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        May 13 2013: Fritzie is right, convergent thinking is more about taking seemly unrelated facts and connecting/combining them.
        For example if you ask a convergent thinker “How many uses does a paperclip have?” he/she would think paperclips are made of metal – metal can be bent, heated, conduct electrify, etc and come up with lots of uses.
        And a divergent thinker would challenge the premise that a paperclip is made of metal and its size. So for the highest and most creative number of uses, both convergent and divergent thinking most be used. Just thinking that the paperclip could be made of bamboo and is 6’ long, does not lead to additional uses.
  • May 12 2013: Learning that is like play or fun where the student loves it for its own sake occurs when the students wants to understand or is excited about something. How do we engender something like this in an ordinary classroom? Wekk, you don't really need to much when the child is young, below about 13 or 14 years old. After this age, peer pressure, hormones etc change the landscape so to speak for the student. So, the secret is to induce such a learning environment in even these older students. One way is to tell a story which draws the students in, captures their attention just when they were not expecting it. Then from it you start to ask some leading questions where interest is excited, the student then wants to know. Then, they start to play with ideas and concepts starting the creative process.
    • May 13 2013: This is true, it is generally easier to engage students in creative learning at a younger age. However, as srudents grow older, they are less likely to engage in this type of learning due to embarrassment and peer pressure. It is important as students are growing, to incorporate creative material appropriate to their age group and development. It is a great idea to explore stories or topics by asking questions that allow students to use their imaginations and create deeper thoughts to delve into the creative process.
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    May 12 2013: by being open-minded, not too quick to criticize
    • May 13 2013: Exactly, we should encourage students to explore their imagination and create ideas without being criticized. Students should be taught to develop their own thoughts or ideas, even if they are imperfect.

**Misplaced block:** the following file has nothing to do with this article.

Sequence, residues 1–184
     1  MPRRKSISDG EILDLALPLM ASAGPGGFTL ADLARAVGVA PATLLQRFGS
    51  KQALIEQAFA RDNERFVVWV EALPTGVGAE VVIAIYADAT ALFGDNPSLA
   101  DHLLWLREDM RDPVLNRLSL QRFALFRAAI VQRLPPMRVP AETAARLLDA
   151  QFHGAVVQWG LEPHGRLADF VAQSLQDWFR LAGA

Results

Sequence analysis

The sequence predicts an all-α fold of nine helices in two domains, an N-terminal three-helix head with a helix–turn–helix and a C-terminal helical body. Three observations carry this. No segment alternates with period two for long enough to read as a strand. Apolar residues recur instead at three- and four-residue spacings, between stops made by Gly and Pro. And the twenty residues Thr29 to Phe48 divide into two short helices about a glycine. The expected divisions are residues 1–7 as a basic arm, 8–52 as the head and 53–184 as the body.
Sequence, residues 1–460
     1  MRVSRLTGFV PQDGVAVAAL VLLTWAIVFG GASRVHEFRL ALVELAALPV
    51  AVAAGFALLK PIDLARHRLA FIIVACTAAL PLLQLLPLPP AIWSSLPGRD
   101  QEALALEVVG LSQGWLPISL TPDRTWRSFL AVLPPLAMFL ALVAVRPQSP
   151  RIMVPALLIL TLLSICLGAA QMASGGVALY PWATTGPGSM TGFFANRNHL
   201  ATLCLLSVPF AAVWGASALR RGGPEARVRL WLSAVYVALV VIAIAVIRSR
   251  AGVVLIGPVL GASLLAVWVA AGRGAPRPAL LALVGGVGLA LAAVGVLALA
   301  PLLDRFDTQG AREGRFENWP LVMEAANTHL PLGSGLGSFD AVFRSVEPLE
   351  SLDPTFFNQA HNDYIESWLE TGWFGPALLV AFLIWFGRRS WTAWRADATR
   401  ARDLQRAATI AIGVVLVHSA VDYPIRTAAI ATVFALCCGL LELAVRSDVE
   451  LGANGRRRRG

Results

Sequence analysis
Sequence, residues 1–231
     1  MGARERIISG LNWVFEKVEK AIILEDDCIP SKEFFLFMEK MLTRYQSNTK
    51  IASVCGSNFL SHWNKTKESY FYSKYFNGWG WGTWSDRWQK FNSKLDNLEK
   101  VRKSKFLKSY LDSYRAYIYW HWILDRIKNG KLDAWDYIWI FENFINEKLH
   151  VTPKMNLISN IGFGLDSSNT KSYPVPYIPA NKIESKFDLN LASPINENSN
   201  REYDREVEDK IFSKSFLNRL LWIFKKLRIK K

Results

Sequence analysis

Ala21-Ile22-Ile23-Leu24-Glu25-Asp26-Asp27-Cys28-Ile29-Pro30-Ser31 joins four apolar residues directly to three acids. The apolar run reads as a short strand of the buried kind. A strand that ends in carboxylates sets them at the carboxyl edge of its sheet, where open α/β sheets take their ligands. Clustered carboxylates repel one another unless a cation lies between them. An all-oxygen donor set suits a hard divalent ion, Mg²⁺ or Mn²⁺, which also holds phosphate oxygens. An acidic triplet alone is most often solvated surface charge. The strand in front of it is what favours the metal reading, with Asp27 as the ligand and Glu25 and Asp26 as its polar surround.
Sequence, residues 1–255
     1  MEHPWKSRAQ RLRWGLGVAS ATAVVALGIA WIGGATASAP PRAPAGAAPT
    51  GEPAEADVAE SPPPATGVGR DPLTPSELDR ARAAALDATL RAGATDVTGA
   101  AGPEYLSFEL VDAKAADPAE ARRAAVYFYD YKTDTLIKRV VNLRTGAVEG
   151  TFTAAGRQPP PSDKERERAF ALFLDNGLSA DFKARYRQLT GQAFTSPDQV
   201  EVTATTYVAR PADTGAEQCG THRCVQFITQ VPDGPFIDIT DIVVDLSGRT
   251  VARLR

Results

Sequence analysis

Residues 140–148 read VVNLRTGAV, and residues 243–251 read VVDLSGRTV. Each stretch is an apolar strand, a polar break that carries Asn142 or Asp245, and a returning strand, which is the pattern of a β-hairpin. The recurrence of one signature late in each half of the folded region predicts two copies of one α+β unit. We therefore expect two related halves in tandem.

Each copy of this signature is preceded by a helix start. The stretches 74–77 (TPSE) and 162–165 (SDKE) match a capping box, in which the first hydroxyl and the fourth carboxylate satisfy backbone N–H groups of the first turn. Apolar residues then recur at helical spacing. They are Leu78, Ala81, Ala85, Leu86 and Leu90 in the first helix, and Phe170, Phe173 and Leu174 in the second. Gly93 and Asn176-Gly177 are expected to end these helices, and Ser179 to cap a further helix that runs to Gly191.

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        May 13 2013: also teach students how to stand up for their ideas even when they are being attacked. I get battered a lot for the ideas I put out, but I just keep patiently putting them out.
        • May 13 2013: That is so true! Along with exploring their imagination and creating ideas, students should also be encouraged to express their ideas and stand up for them, even if others do not necessarily agree with them. Students must understand that everybody is entitled to their own opinions and thoughts. However, just because someone doesn't see eye to eye with you on your thoughts, it doesn't mean you are wrong.
  • May 12 2013: There are always good suggestions that are implemented, but they never make it to us. Loiuis Mercado was head of the Ministry of inteelignce in was it Venezuela or Columbia - I think Venezuela. They used materials from Edward Debono and a harvard Project. however, impenetrable systems like American Education have never tloerated such things. Okay you can buy it off the rack, but most systems will frustrate you. It's something you have to do at home like religion.
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    May 11 2013: although it's commendable that education is attempting to promote the benefits of being a creative person, it seems to me to be largely driven by a trend coming from the IT sector (as far as I can see, digital tech has nothing to do with creativity - at best, it may allow some people to research or realise an idea if it's appropriate).